The real value of the President, as the podcast points out, is not in deciding or implementing policy, but in setting the national agenda and representing the nation abroad. The President’s high status gives so much weight to whatever he (or hopefully someday soon, she) says that the rest of the government, and the people, have to respond. The President’s role is therefore to steer the national conversation in such a way as to address the important issues and inspire the best in their citizens and legislators. This is the real reason why the possibility of a Trump presidency is so scary, and the possibility of a Clinton presidency is so underwhelming and dull.

Hillary, for all of her excellent credentials and experience, has a limited ability to inspire people. This is certainly at least partially because of deep-seated sexism: we are generally prone to not take women seriously as leaders, even today, though I am pleased to see Hillary making big gains in that regard (and kudos to Jill Stein and Elizabeth Warren for their leadership and groundbreaking work too!).

Donald Trump, on the other hand, inspires virtually everyone. This is his only real credential: the ability to capture our attention and dominate our conversations. In that respect, he’s already about as powerful as the President. The problem is the quality of the conversations he inspires. Donald Trump inspires hatred: hatred of him, for those who do not identify with him; and hatred of others (women, and racial and religious minorities and outsiders) for those who do. While Obama ran on a platform of Hope with a capital “H”, Donald Trump’s vision for “Making America Great Again” is based on scapegoating almost every identifiable minority group for all of America’s problems. As much as we’ve never been without racism and xenophobia and division, the wave of white nationalism that is rising across Europe and North America right now almost makes the LA race riots and other incidents of the 1990’s look like a series of blips in an otherwise progressive and tranquil time (I say this with the detached hindsight of someone who wasn’t actually there). The realities right now are frightening, with a massive upswing of racial violence: Britain saw a 50% increase in racist violence since they voted to leave the EU; over 100 unarmed Black men have been shot to death by police in the US in the past year, and yesterday a Black man retaliated, killing five police officers and wounding six or seven more; and even in Canada there is increasing violence and protest targeting Muslims and Black people, often even with reference to “President Trump.”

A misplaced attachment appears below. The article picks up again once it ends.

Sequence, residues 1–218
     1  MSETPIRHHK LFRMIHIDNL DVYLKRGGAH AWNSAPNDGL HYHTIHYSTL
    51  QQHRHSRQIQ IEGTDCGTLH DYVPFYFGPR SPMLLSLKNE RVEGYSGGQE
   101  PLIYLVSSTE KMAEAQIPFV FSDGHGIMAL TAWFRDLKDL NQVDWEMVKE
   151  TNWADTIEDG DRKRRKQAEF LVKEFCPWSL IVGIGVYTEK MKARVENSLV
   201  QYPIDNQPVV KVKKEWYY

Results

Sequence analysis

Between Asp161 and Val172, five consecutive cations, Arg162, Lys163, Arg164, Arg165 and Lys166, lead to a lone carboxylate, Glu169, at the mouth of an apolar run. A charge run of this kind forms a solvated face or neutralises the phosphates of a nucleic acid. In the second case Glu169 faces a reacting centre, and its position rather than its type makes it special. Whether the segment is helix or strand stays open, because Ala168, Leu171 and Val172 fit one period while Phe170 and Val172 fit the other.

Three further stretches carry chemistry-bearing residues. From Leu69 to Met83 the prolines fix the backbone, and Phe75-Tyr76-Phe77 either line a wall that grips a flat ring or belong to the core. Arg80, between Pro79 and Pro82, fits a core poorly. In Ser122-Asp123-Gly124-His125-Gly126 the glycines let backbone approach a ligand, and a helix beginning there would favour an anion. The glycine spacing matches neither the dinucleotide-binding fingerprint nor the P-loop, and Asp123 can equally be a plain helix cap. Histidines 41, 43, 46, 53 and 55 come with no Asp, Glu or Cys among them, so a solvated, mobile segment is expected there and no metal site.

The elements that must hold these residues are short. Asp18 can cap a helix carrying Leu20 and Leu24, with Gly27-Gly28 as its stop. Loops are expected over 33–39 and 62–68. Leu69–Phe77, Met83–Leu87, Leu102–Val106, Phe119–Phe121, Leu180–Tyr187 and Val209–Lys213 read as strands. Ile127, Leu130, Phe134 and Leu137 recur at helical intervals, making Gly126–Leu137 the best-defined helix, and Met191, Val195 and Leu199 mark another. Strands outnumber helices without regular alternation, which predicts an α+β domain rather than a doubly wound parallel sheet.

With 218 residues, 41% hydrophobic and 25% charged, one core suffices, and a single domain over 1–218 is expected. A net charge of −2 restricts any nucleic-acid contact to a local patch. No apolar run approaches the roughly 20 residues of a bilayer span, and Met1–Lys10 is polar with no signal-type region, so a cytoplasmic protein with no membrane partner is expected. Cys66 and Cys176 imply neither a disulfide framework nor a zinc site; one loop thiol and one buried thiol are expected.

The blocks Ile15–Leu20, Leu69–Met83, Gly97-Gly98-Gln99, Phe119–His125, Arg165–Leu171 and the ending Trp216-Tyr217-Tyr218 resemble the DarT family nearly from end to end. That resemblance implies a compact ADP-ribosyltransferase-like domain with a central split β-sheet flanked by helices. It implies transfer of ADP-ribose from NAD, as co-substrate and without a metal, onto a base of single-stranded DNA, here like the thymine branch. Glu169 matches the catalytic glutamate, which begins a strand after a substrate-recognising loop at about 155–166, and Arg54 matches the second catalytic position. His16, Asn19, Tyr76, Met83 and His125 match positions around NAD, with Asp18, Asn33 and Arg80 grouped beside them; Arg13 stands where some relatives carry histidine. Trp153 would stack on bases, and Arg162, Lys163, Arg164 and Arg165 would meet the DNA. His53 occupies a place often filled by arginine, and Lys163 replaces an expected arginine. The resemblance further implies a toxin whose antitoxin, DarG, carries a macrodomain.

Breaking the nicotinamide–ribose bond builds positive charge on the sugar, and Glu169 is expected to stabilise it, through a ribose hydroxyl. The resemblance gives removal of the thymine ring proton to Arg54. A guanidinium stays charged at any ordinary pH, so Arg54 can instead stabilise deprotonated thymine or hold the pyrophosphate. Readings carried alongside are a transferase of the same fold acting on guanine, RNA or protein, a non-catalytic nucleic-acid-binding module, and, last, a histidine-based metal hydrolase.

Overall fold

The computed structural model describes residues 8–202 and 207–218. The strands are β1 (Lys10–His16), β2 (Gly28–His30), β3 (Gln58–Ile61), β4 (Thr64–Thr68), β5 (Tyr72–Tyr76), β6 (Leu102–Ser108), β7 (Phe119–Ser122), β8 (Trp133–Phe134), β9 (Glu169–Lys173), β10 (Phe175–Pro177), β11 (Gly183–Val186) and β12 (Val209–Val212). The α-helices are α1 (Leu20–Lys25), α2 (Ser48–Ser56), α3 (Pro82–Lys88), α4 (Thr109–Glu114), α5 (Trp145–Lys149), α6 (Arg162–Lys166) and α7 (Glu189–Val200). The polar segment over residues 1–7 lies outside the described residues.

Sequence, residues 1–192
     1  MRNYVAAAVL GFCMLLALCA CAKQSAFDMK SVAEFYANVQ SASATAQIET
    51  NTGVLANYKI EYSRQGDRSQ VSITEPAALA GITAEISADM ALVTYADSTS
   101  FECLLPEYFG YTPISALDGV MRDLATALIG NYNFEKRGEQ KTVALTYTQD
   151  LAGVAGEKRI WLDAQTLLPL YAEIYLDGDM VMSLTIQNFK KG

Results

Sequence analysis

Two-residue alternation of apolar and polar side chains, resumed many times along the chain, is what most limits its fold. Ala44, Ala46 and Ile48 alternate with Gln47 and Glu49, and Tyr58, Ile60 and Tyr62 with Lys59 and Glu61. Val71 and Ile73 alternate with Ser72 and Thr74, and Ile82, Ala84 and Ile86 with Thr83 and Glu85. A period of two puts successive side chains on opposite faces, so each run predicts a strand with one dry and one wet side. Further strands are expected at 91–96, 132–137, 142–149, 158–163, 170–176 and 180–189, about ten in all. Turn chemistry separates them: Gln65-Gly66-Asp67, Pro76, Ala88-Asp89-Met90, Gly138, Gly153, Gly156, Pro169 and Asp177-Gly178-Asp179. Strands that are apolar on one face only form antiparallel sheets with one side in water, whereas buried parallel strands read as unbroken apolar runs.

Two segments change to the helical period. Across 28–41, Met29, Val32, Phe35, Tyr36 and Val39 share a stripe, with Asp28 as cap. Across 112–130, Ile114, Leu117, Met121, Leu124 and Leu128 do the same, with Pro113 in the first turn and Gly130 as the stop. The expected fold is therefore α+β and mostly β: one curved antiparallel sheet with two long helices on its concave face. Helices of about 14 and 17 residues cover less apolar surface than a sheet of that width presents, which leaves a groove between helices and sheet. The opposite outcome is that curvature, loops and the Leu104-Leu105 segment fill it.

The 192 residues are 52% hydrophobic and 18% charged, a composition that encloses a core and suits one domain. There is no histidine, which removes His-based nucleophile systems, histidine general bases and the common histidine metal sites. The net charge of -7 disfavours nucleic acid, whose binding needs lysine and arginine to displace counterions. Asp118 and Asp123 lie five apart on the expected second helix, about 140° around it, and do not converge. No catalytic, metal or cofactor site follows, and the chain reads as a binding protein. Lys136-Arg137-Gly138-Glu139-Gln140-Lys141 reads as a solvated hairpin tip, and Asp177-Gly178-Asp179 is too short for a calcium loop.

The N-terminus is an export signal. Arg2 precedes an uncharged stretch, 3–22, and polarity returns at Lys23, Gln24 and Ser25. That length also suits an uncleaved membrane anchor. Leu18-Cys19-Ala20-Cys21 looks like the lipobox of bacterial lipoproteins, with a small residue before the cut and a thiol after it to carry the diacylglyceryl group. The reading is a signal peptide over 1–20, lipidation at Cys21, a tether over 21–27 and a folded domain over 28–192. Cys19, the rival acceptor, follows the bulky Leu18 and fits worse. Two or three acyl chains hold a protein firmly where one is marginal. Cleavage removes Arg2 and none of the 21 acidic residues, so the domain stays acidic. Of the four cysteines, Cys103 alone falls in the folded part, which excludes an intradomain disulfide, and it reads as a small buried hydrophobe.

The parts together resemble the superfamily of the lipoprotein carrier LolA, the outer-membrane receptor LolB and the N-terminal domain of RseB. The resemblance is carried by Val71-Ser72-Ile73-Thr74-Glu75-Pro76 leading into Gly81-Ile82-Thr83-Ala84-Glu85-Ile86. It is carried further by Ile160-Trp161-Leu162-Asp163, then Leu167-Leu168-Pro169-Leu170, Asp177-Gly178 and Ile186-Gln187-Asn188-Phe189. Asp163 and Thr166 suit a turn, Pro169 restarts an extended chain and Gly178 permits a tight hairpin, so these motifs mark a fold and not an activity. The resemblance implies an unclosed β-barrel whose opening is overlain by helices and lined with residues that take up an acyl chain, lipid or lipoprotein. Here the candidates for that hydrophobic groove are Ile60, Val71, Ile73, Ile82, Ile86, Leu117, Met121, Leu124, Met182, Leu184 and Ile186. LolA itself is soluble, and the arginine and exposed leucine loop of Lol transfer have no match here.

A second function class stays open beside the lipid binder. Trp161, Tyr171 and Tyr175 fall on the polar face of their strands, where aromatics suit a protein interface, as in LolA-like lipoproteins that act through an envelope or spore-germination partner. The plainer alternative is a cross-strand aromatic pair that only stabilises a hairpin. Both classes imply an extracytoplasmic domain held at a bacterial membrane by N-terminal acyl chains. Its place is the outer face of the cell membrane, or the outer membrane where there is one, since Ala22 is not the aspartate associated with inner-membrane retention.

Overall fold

Violent and hateful rhetoric inspires violence and hate. That’s why we have hate speech laws in Canada – because we recognize that words have consequences, and even free speech carries responsibility. America has no such law, and Donald Trump’s ability to inspire people to greater and greater fear and hatred of others is far scarier than the notion that he might have limited access to “the button.” Because if he is given the biggest platform in the world, he might create conditions in which he’ll have the social license he needs to actually push that button. Even short of starting wars, his ability to create division around the world, between people groups within nations, has the capacity for chaos.

So don’t fear the damage that Trump could directly do as President; there are checks and balances that will prevent him from doing any real harm. But fear the power of the platform he may be given, and guard against the polarizing rhetoric such a platform will send around the world.

Brexit and the Resurrection of Nationalism

Yesterday marks the end of an era.